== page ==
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A classical pianist on her genre’s ‘golden time’ — and Ray Charles

“Music entered my life before I knew it,” says classical pianist Jeanne Stark. Stark grew up in Belgium during what she calls a “golden time” for classical music and was granted a scholarship by the queen herself, who recognized Stark’s enormous potential. This is her Brief But Spectacular take on playing, listening and what she learned from Ray Charles.

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  • JEANNE STARK, Classical Pianist:

    I am born in Belgium. And what do you want to know about this?


    Well, when did music first enter your life?


    Music entered my life before I knew it.

    My father, he walked around with me and sang, and then I stopped crying, and I smiled. He made up his mind, hmm, see, this is a musician.

    Queen Elizabeth in Belgium was very fond of music. She decided that I should have a special scholarship because she felt that there was a lot of potential there.

    I made my debut in the Carnegie Recital Hall in the year 1959. My teacher was Edwine Behre. She never charged me for anything. So, I remember, I said: "Thank you. And now I got this big concert because of you."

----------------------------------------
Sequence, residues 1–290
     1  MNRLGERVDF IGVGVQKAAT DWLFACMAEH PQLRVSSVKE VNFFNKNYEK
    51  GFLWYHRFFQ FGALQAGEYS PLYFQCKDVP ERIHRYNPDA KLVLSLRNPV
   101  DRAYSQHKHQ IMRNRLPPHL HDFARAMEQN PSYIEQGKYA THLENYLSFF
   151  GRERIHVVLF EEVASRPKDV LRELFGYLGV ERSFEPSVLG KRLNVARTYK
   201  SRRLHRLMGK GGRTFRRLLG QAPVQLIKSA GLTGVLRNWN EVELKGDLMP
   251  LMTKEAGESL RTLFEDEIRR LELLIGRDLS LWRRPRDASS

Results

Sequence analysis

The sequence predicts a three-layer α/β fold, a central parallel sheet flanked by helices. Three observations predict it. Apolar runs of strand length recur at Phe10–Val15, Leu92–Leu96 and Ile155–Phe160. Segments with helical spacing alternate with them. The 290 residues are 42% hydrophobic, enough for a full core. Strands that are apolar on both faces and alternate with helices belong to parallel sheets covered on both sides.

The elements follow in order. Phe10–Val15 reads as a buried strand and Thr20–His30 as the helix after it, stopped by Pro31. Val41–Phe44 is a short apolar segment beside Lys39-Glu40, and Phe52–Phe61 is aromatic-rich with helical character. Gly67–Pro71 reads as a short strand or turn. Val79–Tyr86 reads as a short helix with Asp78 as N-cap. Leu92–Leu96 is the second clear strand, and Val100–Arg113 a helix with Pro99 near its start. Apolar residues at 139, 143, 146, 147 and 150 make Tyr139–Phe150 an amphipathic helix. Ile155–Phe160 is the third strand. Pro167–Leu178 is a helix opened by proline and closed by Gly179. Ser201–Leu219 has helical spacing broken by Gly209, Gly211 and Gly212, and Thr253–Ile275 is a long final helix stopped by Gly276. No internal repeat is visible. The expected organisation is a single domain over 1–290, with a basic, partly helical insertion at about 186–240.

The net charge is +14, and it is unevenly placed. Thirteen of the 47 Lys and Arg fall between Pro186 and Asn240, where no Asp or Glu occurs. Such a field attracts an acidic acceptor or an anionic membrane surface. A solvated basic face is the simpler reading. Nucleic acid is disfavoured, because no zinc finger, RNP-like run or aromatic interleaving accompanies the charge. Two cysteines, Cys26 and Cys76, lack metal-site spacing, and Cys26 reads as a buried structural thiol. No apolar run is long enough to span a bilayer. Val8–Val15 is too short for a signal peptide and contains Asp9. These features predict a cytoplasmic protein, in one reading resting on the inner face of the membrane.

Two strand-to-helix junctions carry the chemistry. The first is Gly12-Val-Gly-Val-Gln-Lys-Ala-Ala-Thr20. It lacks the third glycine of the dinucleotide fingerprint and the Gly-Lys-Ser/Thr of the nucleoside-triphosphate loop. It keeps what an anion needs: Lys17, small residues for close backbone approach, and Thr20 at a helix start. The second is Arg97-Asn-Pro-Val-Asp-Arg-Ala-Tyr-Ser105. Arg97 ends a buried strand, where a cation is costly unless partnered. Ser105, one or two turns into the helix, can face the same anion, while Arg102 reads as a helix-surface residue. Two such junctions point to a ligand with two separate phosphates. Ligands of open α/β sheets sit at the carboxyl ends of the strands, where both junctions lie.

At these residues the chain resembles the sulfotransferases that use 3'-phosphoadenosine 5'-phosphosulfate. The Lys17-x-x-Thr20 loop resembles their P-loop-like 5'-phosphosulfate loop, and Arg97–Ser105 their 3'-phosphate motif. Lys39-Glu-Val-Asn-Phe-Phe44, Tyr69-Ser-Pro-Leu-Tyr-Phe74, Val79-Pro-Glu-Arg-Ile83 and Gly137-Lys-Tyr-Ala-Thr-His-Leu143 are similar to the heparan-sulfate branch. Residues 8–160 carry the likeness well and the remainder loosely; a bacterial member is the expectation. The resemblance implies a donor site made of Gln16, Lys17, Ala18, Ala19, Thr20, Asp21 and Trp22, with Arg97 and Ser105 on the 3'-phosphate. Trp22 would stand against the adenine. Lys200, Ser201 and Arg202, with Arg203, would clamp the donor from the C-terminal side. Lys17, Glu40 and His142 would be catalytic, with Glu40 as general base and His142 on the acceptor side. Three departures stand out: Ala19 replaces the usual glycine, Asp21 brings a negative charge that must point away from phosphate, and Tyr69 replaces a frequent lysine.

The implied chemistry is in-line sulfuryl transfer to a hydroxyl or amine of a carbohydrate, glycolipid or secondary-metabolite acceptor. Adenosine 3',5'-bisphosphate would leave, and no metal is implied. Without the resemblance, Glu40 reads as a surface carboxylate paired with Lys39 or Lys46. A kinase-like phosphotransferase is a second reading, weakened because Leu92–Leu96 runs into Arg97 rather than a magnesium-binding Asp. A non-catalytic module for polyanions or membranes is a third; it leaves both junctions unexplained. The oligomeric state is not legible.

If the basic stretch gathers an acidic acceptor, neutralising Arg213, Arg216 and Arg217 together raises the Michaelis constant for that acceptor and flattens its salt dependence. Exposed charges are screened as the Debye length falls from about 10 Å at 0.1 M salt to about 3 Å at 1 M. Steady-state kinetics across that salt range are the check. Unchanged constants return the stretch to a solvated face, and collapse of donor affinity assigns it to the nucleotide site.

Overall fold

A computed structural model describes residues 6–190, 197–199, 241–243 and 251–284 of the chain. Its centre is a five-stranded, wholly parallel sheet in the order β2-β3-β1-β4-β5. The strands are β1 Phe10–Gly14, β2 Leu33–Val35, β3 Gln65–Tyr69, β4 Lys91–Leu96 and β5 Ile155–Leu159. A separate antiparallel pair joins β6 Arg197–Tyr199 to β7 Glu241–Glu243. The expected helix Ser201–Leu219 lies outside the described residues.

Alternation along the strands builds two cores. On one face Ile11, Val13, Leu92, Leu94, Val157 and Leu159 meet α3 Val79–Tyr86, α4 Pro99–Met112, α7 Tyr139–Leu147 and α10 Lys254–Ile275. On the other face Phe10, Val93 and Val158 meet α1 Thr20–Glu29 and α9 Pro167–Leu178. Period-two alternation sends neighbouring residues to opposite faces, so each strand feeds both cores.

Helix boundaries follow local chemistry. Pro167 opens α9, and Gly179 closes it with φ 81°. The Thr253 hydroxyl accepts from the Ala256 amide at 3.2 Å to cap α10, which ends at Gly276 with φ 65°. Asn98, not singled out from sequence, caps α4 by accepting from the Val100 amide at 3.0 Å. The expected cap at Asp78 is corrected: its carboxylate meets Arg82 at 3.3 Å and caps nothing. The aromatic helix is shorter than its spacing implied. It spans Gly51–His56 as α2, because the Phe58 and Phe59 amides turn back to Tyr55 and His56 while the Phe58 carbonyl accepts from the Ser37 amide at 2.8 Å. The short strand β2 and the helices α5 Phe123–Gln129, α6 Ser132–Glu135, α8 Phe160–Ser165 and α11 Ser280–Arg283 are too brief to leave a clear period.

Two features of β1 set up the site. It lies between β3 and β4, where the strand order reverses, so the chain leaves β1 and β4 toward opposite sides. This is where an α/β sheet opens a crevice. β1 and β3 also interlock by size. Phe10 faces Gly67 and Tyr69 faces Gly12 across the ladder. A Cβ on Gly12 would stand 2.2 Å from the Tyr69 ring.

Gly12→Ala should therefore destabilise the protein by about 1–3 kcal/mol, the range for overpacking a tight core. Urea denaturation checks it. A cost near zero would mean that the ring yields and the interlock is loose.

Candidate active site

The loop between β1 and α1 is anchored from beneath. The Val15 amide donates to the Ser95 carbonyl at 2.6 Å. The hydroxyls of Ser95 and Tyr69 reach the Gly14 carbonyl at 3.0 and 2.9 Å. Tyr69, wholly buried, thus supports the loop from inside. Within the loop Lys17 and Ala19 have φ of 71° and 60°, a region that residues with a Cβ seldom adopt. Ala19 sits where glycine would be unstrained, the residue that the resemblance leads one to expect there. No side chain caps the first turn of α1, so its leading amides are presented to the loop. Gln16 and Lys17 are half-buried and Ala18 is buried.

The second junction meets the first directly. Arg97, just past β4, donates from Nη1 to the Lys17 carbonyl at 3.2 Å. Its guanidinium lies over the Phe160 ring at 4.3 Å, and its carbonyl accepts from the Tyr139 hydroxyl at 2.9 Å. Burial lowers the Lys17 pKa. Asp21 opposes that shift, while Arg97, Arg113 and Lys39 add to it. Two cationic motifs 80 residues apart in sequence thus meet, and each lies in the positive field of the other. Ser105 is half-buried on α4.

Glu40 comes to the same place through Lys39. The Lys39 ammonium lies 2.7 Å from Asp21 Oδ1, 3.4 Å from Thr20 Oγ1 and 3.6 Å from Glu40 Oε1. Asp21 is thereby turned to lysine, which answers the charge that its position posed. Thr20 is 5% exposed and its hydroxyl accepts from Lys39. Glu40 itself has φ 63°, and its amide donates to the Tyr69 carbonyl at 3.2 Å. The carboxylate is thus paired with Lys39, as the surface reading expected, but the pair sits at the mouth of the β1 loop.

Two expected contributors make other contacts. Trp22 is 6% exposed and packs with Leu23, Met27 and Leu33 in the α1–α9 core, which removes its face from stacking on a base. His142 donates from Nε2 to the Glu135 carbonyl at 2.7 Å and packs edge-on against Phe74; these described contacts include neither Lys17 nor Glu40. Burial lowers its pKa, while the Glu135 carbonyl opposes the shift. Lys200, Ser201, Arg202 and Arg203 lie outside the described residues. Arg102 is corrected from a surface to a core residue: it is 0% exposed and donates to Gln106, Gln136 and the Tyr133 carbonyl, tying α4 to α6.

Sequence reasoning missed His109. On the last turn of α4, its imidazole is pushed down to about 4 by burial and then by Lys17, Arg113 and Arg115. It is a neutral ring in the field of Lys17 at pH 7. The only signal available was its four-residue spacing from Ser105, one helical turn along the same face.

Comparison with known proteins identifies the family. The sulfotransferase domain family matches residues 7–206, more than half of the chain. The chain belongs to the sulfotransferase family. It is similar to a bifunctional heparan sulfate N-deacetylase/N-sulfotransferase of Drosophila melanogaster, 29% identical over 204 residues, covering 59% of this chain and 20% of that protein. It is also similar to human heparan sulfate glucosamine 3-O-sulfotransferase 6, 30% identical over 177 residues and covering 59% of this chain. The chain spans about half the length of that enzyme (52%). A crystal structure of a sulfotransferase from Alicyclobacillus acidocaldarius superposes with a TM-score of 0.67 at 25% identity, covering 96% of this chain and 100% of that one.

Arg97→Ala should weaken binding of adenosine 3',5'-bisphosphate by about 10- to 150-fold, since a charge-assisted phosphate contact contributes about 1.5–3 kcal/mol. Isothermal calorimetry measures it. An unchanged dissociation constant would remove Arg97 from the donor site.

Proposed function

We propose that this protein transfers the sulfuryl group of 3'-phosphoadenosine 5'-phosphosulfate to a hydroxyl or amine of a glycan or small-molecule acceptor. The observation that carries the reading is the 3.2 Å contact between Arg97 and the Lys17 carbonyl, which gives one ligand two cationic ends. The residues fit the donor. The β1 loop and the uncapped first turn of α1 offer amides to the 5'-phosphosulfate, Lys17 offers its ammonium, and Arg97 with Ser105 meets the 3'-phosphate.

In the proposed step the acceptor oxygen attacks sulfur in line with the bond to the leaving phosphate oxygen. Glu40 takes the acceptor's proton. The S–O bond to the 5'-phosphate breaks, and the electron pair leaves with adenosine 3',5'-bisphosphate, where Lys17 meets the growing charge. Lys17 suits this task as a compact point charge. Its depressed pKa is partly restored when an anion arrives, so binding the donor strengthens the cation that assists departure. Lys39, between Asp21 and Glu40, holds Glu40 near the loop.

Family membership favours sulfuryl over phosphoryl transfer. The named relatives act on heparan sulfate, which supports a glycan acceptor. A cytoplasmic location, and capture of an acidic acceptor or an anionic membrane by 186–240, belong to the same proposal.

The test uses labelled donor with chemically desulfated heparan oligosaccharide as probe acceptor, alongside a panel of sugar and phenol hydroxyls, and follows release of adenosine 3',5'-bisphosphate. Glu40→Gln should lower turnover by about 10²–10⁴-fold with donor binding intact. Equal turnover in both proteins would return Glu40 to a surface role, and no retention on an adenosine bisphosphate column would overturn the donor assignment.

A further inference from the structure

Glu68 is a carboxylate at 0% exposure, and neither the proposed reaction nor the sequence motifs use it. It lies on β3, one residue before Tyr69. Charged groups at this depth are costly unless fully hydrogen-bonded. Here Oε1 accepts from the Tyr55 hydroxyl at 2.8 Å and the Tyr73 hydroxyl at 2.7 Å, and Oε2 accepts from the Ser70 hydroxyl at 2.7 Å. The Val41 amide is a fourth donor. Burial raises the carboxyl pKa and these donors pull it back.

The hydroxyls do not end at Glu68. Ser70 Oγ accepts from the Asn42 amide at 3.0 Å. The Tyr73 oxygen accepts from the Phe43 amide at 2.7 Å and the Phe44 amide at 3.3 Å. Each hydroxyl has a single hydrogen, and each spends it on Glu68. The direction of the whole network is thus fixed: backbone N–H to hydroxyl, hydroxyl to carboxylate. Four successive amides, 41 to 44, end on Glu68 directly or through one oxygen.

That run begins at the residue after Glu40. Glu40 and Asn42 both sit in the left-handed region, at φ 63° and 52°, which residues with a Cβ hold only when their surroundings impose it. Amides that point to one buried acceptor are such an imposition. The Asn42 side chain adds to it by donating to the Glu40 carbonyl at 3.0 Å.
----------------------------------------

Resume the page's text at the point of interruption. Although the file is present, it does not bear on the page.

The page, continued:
And she said, "You proved me right."

    I have been so lucky, where all these great artists, Geoff Leigh, who was a friend of Bartok, I got them all. To learn from people like that, it takes you years to understand what they were saying. But once you get it, you get something very precious.

    It's not interpret. It's understand how music is made, how it's put together.


    Has your understanding of certain pieces evolved over the years?


    Oh, yes, enormously.

    I will tell you one example. I played Mozart's sonatas, Beethoven's sonatas, and I was never happy with my adagios. I did it with the metronome. I tried everything.

    And I came to the States. And, by accident, my friend took me to hear Ray Charles. And I thought, now I know an adagio.

    Classical music is not being really promoted these days. When I was young, it was a golden time. There were fantastic players, Rachmaninoff and Prokofiev. And, my goodness, the inspiration was unbelievable.

    When I was little, I was in a theory class two, three times a week. You learn to sing. That's a great thing. If you learn to sing, you start to hear.

    I am 90 years old. I don't know why I am here. I should be dead, because most people are.

    My mind is, as you can see, very sharp. And I don't understand, but I love the day. I love music. How I adore music. I love to hear great music, well-played as well.

    My name is Jeanne Stark, and this is my Brief But Spectacular take on my life in music.


    Oh, that's beautiful.

    You can find more videos from our Brief But Spectacular series online at PBS.org/NewsHour/Brief.


    I want to be her.

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